A biological female who lives as a person without regard to sex, Mark Ethan Smith was born Marcia Ellen Bazer on March 13, 1940. Smith's mother Ida was a schoolteacher and father Morris was an upholsterer; Smith's brother, Joseph, was living in Israel as of 2006. Smith attended Carle Place High School (Carle Place, New York). Smith's parents admitted him to Zucker Hillside psychiatric hospital (Glen Oaks, New York) at age sixteen; he was transferred to Creedmoor Psychiatric Center in Queens, at seventeen; and was discharged from the facility at eighteen. During the next twenty-five years Smith lived an eclectic nomadic life, which included writing poetry in Greenwich Village in New York City; traveling to Mexico, Honduras, Thailand, and Afghanistan; and founding a hippie commune called Hog Farm in California. His first marriage to Francis Xavier Smith on March 1, 1960, ended in divorce one year later. They had one daughter, Kelita Jane Smith, who was born June 11, 1961 and raised by Smith's parents. A second daughter from another relationship, Janet Smith, was given up for adoption. On September 8, 1981, Smith legally changed his name from Marcia Ellen Smith to Mark Ethan Smith.

While in Afghanistan in the 1970s, Smith studied medicine and volunteered at a hospital in Kabul, and in 1979 earned a bachelor of science degree through the Regents External Degree program at the University of the State of New York in Albany. In 1982 he began work as an aircraft electrician apprentice at the Naval Air Rework Facility in Alameda, California. Smith was suspended without pay in January 1984 and discharged in September of the same year. He subsequently filed suit against the Navy and with the Equal Employment Opportunity Commission, alleging unlawful discrimination.

By the mid-1990s, Smith had founded the Foundation for Role Equity Education and edited the organization's newsletter, Nontraditional News. In 1998 he ran as a candidate for Coronado City Council in California, campaigning in opposition to the nuclear buildup in the area. After the 2000 election, Smith became involved with the election integrity movement and was an activist for electoral reform for the next six years. By 2006 he became an election boycott advocate and published a compilation of essays he wrote about voting entitled Consent to Tyranny: Voting in the USA. By 2012, Smith was hosting a web site ( that contained political and social commentary, and was living in San Diego, California. Around this time Smith accused the management company at his apartment complex of mismanagement and elder abuse. After the charges were dismissed in court, Smith decided to move to Mexico in March 2019.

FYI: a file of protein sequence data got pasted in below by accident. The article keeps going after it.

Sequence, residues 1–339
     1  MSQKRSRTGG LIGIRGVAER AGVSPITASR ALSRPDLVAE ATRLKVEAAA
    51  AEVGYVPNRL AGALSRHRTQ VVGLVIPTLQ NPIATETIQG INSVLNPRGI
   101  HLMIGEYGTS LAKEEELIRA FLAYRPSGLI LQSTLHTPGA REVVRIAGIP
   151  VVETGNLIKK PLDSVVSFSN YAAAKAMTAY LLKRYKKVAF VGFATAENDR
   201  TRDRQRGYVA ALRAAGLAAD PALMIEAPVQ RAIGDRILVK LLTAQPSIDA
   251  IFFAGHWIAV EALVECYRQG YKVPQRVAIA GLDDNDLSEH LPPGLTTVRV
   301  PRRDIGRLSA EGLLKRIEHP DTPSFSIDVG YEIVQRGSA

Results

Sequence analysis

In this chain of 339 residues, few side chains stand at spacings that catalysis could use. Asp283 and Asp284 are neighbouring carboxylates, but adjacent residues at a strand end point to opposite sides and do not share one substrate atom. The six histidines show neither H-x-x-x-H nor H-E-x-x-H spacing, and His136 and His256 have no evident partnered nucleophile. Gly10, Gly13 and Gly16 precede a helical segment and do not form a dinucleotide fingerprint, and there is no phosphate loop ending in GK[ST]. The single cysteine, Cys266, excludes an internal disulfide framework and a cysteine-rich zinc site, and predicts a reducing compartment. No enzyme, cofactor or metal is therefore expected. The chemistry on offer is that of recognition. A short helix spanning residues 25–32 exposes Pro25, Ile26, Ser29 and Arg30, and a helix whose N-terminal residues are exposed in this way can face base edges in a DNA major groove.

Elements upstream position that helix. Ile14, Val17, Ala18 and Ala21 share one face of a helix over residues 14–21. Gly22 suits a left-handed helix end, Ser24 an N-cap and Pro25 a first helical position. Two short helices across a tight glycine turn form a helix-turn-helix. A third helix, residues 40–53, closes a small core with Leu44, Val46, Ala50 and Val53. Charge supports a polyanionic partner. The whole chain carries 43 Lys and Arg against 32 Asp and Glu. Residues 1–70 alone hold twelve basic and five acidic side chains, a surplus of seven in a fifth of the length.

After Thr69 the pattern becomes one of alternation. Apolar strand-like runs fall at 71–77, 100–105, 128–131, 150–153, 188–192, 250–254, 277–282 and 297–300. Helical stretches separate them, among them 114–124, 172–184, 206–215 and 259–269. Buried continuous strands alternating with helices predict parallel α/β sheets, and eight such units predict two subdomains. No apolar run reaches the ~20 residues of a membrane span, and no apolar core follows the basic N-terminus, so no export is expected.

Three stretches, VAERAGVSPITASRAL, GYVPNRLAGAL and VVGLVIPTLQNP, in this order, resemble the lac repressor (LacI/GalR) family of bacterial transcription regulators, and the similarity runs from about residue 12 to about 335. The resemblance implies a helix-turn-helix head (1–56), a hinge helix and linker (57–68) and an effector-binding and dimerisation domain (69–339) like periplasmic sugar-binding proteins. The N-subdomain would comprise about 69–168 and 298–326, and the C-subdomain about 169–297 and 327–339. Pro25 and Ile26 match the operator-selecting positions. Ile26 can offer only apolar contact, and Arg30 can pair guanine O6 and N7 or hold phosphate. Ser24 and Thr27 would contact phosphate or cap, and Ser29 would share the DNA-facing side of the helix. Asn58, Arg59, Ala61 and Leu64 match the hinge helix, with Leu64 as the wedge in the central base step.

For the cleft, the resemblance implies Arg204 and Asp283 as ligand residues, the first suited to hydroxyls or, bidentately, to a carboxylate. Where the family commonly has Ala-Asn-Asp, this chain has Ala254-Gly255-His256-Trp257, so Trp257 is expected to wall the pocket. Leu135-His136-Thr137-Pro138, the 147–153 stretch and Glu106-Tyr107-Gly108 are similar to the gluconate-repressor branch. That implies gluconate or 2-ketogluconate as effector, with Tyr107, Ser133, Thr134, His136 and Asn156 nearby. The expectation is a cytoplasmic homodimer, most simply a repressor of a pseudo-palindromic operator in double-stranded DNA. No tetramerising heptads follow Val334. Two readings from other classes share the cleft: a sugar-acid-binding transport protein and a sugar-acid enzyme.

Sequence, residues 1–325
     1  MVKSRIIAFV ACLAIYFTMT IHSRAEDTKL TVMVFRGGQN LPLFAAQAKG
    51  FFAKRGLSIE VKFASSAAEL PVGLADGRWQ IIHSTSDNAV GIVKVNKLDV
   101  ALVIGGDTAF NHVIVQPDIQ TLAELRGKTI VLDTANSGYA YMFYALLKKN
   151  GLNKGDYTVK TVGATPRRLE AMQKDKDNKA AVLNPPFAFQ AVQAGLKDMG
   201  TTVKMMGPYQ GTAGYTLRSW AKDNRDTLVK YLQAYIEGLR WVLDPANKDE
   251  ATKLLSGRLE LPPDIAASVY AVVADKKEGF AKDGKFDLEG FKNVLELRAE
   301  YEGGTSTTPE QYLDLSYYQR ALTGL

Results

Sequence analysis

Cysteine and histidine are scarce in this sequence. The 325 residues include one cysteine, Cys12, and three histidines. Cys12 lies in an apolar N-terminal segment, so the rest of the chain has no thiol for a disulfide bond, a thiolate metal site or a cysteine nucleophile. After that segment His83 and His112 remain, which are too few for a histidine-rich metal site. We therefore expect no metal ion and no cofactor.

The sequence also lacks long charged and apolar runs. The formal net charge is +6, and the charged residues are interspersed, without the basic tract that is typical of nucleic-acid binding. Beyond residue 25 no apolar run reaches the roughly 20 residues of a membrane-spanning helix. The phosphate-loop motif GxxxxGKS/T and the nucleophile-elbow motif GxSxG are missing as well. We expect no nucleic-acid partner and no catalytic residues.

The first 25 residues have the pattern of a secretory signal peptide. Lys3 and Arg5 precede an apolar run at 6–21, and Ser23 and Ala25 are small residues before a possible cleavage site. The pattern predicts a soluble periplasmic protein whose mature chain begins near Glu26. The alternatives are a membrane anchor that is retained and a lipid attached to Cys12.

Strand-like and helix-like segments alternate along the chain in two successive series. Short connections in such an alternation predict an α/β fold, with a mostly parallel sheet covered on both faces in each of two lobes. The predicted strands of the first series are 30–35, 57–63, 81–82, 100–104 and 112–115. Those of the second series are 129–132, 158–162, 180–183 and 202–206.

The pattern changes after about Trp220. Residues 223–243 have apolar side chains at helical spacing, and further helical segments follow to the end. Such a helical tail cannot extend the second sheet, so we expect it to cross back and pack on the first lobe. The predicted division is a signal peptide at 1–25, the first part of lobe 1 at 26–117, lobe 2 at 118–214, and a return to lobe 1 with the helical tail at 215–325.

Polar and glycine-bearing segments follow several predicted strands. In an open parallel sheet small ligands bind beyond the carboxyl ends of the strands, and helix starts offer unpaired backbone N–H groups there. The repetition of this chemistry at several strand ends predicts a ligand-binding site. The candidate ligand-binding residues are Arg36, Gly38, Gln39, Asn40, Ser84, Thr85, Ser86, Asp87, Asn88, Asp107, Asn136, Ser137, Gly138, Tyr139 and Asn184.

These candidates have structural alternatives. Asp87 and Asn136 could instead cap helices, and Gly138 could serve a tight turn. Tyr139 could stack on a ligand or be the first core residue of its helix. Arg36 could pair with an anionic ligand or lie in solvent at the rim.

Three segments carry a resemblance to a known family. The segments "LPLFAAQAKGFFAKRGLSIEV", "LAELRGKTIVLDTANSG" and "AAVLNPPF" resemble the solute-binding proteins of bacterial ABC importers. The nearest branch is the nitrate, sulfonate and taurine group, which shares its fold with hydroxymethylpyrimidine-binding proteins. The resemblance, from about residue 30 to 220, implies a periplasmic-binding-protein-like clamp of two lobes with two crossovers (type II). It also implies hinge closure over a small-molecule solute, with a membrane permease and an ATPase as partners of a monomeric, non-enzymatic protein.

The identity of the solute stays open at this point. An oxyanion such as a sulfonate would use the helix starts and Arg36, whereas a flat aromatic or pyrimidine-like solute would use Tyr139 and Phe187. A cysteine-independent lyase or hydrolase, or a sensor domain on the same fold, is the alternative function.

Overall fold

The collection is arranged in four series:

  1. Series I. Biographical and personal, 1940-2019 (#1.1-3.11, 23.1-23.19, 21CB.1-21CB.10, SD.1-SD.2)
  2. Series II. Legal, 1961-2019 (#3.12-18.16, 23.20-25.3)
  3. Series III. General correspondence, writings, and related, 1970-2012 (#18.17-20.24, 25.4-26.9, E.1-E.2)
  4. Series IV. Photographs and memorabilia, ca.1970-ca.2015 (#20.25m-20.27m, 26.10m-26.12m, PD.1-PD.4, 22CB.1m-22CB.4m)

Immediate Source of Acquisition

Accession numbers: 98-M152, 98-M188, 98-M198, 98-M213, 2001-M162, 2003-M28, 2007-M10, 2009-M60. Accession numbers: 2012-M139, 2012-M176, 2019-M20 were added in April 2019.

The papers of Mark Ethan Smith were given were given to the Schlesinger Library by Mark Ethan Smith between 1998 and 2019.

Processing Information

Processed: September 2012

By: Laura Peimer

Updated and additional materials added: April 2019

By: Laura Peimer, with the assistance of Ashley Thomas.

Smith, Mark Ethan, 1940- . Papers of Mark Ethan Smith, 1940-2019: A Finding Aid
Arthur and Elizabeth Schlesinger Library on the History of Women in America
Language of description
Processing of this collection was made possible by Radcliffe Class of 1956 and the Mary Mitchell Wood Manuscript Processing Fund.

Repository Details

Part of the Schlesinger Library, Radcliffe Institute Repository

The preeminent research library on the history of women in the United States, the Schlesinger Library documents women's lives from the past and present for the future. In addition to its traditional strengths in the history of feminisms, women’s health, and women’s activism, the Schlesinger collections document the intersectional workings of race and ethnicity, gender, sexuality, and class in American history.